|Commenced in January 1999||Frequency: Monthly||Edition: International||Paper Count: 9|
Terrorism and radicalization have become a common threat to every nation in this world. As a part of the asymmetric warfare threat, terrorism and radicalization need a complex strategy as the problem solver. One such way is by collaborating with the international community. The Our Eyes Initiative (OEI), for example, is a cooperation pact in the field of intelligence information exchanges related to terrorism and radicalization initiated by the Indonesian Ministry of Defence. The pact has been signed by Indonesia, Philippines, Malaysia, Brunei Darussalam, Thailand, and Singapore. This cooperation mostly engages military acts as a central role, but it still requires the involvement of various parties such as the police, intelligence agencies and other government institutions. This paper will use a qualitative content analysis method to address the opportunity and enhance the optimization of OEI. As the result, it will explain how OEI takes the opportunities as the strategy for counter-terrorism by building it up as the regional cooperation, building the legitimacy of government and creating the legal framework of the information sharing system.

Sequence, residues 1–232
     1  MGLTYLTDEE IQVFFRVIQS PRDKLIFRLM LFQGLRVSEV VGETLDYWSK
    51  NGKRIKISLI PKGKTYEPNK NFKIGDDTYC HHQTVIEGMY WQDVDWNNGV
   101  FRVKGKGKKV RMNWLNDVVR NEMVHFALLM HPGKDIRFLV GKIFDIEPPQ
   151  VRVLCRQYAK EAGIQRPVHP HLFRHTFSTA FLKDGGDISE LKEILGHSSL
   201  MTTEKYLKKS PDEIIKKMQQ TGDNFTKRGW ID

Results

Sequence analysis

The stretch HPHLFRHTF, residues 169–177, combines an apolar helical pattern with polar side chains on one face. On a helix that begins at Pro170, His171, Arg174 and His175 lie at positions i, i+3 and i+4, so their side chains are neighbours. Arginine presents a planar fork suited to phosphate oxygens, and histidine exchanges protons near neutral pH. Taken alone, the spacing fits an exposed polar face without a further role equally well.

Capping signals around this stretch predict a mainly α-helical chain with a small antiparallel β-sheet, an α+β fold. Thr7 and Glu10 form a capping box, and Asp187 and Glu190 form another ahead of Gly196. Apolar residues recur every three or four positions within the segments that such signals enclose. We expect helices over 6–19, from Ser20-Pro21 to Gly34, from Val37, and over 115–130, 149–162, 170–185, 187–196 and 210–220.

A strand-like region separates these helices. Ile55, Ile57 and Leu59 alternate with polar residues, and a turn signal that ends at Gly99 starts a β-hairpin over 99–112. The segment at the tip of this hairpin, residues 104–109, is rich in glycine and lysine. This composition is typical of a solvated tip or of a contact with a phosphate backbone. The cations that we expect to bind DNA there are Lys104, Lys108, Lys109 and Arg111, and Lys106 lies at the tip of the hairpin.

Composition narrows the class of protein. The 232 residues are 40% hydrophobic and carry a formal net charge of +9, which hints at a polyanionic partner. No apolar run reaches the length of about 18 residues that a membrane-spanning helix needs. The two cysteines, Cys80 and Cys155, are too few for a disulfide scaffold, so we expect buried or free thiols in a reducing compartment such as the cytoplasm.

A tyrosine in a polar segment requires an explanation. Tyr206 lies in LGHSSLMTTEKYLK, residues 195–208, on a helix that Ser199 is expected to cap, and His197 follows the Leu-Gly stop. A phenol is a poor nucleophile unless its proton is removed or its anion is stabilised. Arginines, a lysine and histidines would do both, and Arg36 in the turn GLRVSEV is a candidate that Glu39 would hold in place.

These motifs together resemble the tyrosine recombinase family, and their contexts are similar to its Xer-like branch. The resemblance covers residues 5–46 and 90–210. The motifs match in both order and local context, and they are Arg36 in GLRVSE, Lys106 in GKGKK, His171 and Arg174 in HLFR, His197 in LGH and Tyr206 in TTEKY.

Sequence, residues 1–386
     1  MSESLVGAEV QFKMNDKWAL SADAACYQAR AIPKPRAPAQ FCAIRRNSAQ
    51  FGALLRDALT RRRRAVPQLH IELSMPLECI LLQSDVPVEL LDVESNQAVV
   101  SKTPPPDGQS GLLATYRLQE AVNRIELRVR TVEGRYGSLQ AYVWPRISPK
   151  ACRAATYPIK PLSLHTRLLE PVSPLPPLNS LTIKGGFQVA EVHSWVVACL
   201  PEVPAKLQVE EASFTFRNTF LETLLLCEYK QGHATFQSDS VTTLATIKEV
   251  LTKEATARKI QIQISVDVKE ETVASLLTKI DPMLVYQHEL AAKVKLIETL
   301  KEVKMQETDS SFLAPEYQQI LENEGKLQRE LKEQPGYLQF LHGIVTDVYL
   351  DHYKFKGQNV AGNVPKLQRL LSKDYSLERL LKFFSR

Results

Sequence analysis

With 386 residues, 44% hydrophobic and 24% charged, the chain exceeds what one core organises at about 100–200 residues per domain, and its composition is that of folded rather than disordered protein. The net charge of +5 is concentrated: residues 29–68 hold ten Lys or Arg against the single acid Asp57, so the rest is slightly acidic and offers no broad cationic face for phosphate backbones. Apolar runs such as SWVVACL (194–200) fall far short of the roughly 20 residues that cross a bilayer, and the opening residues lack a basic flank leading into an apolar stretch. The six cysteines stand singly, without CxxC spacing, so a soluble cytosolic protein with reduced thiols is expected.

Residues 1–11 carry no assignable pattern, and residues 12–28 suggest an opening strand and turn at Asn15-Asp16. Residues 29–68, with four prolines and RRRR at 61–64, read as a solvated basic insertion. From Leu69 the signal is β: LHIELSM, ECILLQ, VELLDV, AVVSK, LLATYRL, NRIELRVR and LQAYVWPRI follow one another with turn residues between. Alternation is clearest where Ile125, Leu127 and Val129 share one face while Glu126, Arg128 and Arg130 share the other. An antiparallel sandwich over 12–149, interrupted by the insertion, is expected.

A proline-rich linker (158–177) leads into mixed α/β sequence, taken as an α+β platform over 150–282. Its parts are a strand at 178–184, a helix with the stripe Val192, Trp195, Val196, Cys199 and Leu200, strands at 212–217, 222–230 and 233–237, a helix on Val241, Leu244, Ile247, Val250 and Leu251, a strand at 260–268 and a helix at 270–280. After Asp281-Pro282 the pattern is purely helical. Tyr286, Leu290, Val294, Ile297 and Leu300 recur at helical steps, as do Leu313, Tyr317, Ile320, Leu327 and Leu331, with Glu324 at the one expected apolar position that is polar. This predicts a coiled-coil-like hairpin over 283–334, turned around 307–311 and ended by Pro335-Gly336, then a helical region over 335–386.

The practicum experience is a critical component of any initial teacher education (ITE) course. As well as providing a near authentic setting for pre-service teachers (PSTs) to practice in, it also plays a key role in shaping their perceptions and sense of preparedness. Nevertheless, merely including a practicum period as a compulsory part of ITE may not in itself be enough to induce feelings of preparedness and efficacy; the quality of the classroom experience must also be considered. Drawing on findings of a larger study of secondary and intermediate level mathematics PSTs’ sense of preparedness to teach, this paper examines the influence of the practicum experience in particular. The study sample comprised female mathematics PSTs who had almost completed their teaching methods course in their fourth year of ITE across 16 teacher education programs in Saudi Arabia. The impact of the practicum experience on PSTs’ sense of preparedness was investigated via a mixed-methods approach combining a survey (N = 105) and in-depth interviews with survey volunteers (N = 16). Statistical analysis in SPSS was used to explore the quantitative data, and thematic analysis was applied to the qualitative interviews data. The results revealed that the PSTs perceived the practicum experience to have played a dominant role in shaping their feelings of preparedness and efficacy. However, despite the generally positive influence of practicum, the PSTs also reported numerous challenges that lessened their feelings of preparedness. These challenges were often related to the classroom environment and the school culture. For example, about half of the PSTs indicated that the practicum schools did not have the resources available or the support necessary to help them learn the work of teaching. In particular, the PSTs expressed concerns about translating the theoretical knowledge learned at the university into practice in authentic classrooms. These challenges engendered PSTs feeling less prepared and suggest that more support from both the university and the school is needed to help PSTs develop a stronger sense of preparedness. The area in which PSTs felt least prepared was that of classroom and behavior management, although the results also indicated that PSTs only felt a moderate level of general teaching efficacy and were less confident about how to support students as learners. Again, feelings of lower efficacy were related to the dissonance between the theory presented at university and real-world classroom practice. In order to close this gap between theory and practice, PSTs expressed the wish to have more time in the practicum, and more accountability for support from school-based mentors. In highlighting the challenges of the practicum in shaping PSTs’ sense of preparedness and efficacy, the study argues that better communication between the ITE providers and the practicum schools is necessary in order to maximize the benefit of the practicum experience.